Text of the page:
'Fight against terrorism' greatly hindered by U.S. Spying, leaders say
U.S. Routinely spied on 35 world leaders, leaks reveal
The world is mad at the United States. Why? Because when you have good relations, there has to be a certain leeway between nations. Recent leaks, however, showing that the National Security Agency, or NSA routinely monitored 35 world leaders certainly doesn't further the cause in the fight against terrorism. European Union leaders say that this distrust on the part of the U.S. Has greatly hindered the war on terror.
German Chancellor Angela Merkel greets French President Francois Hollande at the European Union summit in Brussels.
"(European leaders) stressed that intelligence gathering is a vital element in the fight against terrorism," Herman Van Rompuy, president of the European Council said. "This applies to relations between European countries as well as to relations with the USA.
"A lack of trust could prejudice the necessary cooperation in the field of intelligence gathering," he said.
In discussions that went past midnight, Van Rompuy announced that France and Germany were seeking bilateral talks with the U.S. by the end of this year to resolve the dispute over electronic spying.
"What is at stake is preserving our relations with the United States," French President Francois Hollande told reporters. "They should not be changed because of what has happened. But trust has to be restored and reinforced."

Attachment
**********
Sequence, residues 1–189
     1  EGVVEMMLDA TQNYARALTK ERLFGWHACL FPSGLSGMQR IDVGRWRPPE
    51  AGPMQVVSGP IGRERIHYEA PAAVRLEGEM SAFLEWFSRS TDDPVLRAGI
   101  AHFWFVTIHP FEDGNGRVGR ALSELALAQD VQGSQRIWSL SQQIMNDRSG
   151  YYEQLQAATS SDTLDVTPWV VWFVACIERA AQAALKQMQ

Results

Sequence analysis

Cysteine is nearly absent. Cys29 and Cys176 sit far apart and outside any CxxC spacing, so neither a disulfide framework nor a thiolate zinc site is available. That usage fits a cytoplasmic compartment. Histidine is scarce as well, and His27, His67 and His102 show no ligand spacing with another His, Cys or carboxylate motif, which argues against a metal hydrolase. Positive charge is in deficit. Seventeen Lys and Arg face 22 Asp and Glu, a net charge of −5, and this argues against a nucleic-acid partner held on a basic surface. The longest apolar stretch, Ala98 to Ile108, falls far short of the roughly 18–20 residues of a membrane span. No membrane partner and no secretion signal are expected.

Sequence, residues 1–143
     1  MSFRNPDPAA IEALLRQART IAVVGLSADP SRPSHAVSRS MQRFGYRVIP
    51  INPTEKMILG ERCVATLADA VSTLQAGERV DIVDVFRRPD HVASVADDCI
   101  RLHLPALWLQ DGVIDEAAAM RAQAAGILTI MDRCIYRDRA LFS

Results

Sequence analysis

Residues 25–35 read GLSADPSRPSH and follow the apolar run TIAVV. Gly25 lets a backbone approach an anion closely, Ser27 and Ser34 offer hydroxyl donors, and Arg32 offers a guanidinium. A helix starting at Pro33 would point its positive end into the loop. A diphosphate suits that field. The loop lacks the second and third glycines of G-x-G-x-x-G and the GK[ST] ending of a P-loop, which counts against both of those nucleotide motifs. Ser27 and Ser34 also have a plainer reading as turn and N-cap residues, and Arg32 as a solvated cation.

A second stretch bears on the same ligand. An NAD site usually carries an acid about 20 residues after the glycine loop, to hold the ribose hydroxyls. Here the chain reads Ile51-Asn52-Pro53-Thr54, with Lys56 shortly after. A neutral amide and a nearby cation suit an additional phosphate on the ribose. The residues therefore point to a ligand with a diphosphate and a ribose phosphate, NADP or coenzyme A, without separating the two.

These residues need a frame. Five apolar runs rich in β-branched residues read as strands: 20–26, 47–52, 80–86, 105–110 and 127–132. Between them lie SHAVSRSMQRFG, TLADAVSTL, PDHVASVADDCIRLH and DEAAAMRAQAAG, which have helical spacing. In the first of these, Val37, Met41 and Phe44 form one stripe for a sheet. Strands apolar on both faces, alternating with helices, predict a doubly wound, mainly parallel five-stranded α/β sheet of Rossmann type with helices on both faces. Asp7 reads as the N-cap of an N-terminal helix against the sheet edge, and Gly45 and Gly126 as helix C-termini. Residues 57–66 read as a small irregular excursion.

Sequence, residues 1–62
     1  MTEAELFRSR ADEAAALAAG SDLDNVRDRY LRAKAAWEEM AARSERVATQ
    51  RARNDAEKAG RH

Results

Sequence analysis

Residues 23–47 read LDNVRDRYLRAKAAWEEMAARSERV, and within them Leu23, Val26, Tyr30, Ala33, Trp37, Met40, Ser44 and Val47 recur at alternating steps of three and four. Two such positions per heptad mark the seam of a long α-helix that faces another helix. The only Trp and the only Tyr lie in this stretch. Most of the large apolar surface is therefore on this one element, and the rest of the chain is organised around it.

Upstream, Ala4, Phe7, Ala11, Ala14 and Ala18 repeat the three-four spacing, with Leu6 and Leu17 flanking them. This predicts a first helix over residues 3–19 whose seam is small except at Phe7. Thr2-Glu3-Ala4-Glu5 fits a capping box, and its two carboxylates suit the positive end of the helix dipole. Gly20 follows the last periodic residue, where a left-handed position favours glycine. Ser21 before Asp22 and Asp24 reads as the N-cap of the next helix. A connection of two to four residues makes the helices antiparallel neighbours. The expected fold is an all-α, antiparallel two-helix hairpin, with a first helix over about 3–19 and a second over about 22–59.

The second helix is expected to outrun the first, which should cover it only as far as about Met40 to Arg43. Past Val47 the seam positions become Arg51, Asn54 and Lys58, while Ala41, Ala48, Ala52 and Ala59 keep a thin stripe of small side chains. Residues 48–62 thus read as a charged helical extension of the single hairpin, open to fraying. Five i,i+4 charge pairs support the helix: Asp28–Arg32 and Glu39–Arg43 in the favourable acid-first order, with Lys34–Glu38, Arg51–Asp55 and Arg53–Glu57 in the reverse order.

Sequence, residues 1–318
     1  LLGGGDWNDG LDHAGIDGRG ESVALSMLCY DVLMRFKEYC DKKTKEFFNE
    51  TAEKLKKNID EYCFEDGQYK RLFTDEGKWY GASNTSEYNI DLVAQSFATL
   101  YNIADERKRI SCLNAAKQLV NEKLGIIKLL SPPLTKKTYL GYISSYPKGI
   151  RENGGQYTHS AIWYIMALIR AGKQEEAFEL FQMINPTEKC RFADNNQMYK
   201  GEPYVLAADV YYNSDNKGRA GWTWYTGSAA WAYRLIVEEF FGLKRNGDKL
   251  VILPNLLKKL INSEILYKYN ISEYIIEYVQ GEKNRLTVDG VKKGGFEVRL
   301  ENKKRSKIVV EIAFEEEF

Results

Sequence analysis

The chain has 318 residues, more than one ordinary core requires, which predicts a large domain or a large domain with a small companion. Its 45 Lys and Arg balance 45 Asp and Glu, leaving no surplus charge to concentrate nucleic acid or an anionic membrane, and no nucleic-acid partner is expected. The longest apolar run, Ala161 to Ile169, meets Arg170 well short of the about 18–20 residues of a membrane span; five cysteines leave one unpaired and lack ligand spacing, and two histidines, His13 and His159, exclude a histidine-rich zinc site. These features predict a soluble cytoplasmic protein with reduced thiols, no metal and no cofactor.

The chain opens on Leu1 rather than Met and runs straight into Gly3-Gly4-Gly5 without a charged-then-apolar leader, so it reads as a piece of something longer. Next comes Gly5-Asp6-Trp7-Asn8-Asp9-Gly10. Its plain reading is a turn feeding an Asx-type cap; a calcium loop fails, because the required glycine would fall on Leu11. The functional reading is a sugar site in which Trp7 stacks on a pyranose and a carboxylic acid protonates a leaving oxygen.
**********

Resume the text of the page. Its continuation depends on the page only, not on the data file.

In addition, German officials will travel to the U.S. to discuss spying allegations and whether Chancellor Angela Merkel's cellphone was monitored by the NSA.
"It's become clear that for the future, something must change - and significantly," German Chancellor Angela Merkel said. "We will put all efforts into forging a joint understanding by the end of the year for the cooperation of the (intelligence) agencies between Germany and the U.S. and France - and the U.S. to create a framework for the cooperation."
Joining the chorus reflecting Merkel's displeasure, Swedish Prime Minister Fredrik Reinfeldt called it "completely unacceptable" for a country to eavesdrop on an allied leader, and Dutch Prime Minister Mark Rutte calling the spy allegations "exceptionally serious."
Security documents obtained by NSA whistle-blower Edward Snowden are at the heart of the current controversy. The White House believes Snowden has also obtained sensitive material about secret cooperation with allied and non-allied nations, prompting the U.S. to alert foreign intelligence services.
Some of the documents revealed thus far detail collection programs against countries such as Iran, Russia and China, the U.S. government said.
A confidential memo suggesting the NSA was able to monitor 35 world leaders' communications in 2006 has been reportedly obtained by United Kingdom newspaper The Guardian.
The memo reportedly says that the NSA encouraged senior officials at the White House, the Pentagon and other agencies to share their contacts so the spy agency could add foreign leaders' phone numbers to its surveillance systems. The Guardian did not identify the targets of the alleged eavesdropping.
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